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Discussion Starter · #1 ·
I'm looking to buy a tree stand.
1) I never used one
2) I'll be using it at Public Lands
3) Have to carry it everytime
4) I like Ladder stands, however can you carry it?

Any opinion! Climbing? Ladder?
 

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Get yourself a good climber for public lands! They are light and easy to carry! After using it a couple of times you will love it! It takes a little getting used to at first but it is an awesome way to hunt. A ladder stand is great for places where it is less likely to get stolen! Ladder stands are not for carrying in and out the same day! Too heavy, too much work! I use both but the climber is my public land stand![up]
 

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Ladder stands are designed to be put on a tree and left there. Go with a climber. Most are reasonably lightweight and the best part of them is that you can hook it up to one tree and then if the situations warrant it, you can easily move to another tree.

Most people will tell you that Summit's are the best.

David
 

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if you got the 350.00 to spend go with the lone wolf sit and climb. just an awsome climbing stand: packs flat, only weighs 19 pounds, sets up really easy, and is super confortable. a little pricey but well worth it....
 

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I just upgraded to a equalizer treestand and its fantastic, it weighs in at 20lbs and is extremely comfortable. I also have a timbertall, a super light adjust in the tree treestand, another nice treestand.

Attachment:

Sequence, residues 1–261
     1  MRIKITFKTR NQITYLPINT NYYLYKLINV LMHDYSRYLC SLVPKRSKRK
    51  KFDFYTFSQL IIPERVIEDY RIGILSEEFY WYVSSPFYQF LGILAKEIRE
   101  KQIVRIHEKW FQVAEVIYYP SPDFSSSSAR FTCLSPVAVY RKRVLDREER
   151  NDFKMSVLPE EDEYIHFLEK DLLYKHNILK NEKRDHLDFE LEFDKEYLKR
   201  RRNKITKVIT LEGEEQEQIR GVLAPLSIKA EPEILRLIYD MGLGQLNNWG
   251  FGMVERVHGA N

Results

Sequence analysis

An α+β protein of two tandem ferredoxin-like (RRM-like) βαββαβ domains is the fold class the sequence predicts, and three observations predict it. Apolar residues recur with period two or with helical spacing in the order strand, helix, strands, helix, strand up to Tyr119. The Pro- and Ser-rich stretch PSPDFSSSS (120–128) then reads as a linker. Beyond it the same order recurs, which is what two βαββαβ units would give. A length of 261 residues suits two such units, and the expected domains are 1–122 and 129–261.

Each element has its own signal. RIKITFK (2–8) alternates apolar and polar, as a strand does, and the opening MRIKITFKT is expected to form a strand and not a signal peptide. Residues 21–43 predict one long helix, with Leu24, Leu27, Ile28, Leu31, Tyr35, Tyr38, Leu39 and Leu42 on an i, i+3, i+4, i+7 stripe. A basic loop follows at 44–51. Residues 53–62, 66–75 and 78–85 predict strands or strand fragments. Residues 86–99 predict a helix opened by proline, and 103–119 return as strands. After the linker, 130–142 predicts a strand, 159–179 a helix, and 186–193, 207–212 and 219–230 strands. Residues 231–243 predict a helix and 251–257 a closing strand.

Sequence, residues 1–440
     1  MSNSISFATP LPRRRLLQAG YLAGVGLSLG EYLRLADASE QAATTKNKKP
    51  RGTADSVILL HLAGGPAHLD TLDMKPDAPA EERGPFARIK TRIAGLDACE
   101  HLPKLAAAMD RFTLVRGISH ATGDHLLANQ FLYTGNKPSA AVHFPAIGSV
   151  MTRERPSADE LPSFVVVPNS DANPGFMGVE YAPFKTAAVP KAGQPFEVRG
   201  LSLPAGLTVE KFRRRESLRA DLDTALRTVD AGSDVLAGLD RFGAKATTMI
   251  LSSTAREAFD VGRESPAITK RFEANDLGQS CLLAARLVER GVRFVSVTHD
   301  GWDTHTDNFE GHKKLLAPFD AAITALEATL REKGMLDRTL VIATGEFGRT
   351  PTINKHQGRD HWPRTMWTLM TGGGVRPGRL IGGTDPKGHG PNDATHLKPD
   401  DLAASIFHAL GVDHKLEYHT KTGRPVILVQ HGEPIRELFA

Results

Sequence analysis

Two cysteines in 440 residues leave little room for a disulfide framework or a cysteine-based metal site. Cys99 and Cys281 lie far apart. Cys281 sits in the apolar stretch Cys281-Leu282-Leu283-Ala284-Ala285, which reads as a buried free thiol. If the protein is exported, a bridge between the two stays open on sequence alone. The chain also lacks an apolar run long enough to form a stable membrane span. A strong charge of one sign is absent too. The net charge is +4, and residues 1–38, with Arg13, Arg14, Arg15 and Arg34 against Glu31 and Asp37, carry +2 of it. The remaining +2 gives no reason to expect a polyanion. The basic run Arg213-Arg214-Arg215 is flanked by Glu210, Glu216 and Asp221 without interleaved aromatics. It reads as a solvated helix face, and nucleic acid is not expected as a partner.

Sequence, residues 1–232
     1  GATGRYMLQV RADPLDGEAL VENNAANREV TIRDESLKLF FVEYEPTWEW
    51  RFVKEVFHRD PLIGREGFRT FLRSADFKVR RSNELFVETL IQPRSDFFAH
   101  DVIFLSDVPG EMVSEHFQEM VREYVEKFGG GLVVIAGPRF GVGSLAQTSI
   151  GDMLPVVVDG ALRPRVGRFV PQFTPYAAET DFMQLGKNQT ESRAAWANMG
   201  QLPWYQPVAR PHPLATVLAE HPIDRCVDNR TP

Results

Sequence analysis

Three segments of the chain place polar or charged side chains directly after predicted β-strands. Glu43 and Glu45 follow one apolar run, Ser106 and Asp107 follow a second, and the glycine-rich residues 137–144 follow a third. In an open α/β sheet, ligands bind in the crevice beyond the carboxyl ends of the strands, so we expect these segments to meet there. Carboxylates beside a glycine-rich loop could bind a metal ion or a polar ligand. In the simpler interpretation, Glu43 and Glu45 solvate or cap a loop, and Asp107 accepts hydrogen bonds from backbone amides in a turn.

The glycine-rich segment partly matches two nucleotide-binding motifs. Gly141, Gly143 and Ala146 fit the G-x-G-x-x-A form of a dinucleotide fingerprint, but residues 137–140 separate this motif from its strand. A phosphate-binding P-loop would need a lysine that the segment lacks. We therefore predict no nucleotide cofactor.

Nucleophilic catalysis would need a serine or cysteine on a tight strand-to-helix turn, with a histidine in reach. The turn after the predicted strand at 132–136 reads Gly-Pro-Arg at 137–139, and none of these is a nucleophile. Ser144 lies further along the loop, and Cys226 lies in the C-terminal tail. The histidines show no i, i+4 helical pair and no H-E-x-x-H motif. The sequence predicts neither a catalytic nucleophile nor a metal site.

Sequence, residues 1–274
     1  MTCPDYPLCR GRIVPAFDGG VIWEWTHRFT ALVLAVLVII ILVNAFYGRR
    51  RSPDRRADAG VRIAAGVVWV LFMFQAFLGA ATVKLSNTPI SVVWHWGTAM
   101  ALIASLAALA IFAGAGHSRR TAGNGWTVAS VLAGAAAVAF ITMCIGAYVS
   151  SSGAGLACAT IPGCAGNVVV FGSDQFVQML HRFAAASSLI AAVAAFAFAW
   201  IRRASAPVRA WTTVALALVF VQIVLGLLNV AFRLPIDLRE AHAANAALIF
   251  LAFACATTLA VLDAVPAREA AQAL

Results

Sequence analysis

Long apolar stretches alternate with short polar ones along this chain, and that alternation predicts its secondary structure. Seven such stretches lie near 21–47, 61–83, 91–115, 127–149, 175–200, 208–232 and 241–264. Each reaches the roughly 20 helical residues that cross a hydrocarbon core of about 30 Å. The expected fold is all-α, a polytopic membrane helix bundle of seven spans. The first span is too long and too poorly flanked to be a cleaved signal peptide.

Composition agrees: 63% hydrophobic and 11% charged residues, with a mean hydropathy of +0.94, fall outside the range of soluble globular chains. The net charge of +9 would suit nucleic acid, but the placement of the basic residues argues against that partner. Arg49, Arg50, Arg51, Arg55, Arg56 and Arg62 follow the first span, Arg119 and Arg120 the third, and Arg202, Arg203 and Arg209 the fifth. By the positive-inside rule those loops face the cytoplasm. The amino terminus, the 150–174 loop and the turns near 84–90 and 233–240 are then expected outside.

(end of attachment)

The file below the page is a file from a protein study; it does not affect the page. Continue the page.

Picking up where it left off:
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I use several different types. It's all according to where, when and how long. I use a climber, sometimes, but use a Chippewa Loc-On. I leave the mounting harness( I have 5) in the tree and carry in the loc-on. I install the screw-in steps hoist the 8lbs stand and slide it on the harness. Very simple, fast and most importantly quiet. I use my climber only if A) I don't have to carry it far. B) If I'm staying long then three hours. I do use a ladder stand from time to time. Look at the weights when you buy a stand. Also, buy it local if you can, so you can see it, fell it and make sure it's what you want. I bought one one time, didn't like it and when I climbed down at the end of the hunt, I just left it there. I went back by it several times before someone took it. If it had been up in a tree, I'm sure someone would have taken it sooner. Also, if you lock it to a tree, use 1/2 cable(make your own)and buy a lock that features a closed bolt. There is nobody in the woods that can steal it, I promise. I have seen where someone has tried to steal mine and could not get anything to cut the cable or lock. They ever shot the lock. LOL never stole it though. Hey! A$$hole how do you like me now.
 

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I'm a climber convert.

They have improved much in the last few years.

Weight is a big issue. I bought after market pack-straps for mine. The straps that came with it were useless.

Inspect as many 'assembled' climbers you can. Get a sense of the weight that will be on your back during your hike.

Once you've narrowed it down - see the stand unassembled.

With a lot of hunting gear - the instructions are somewhat deficient. I went back to the store to make sure I had assembled my stand properly.

Once assembled, practice feild assembly and tree attachment. Practice climbing. It will get your abs in shape if you do it often.
 

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Once assembled, practice feild assembly and tree attachment. Practice climbing. It will get your abs in shape if you do it often.
I totally agree with pla's comments about practicing setting up your treestand. Do it in the dark, and on various trees of different sizes types. You'll find that most trees taper as they go up, some more than others. You'll need to set your stand up based on how much they taper. Only experience will help with this.

As far as getting your abs in shape. My Buckshot climber requires little if no effort to ascend/descend.

David
 
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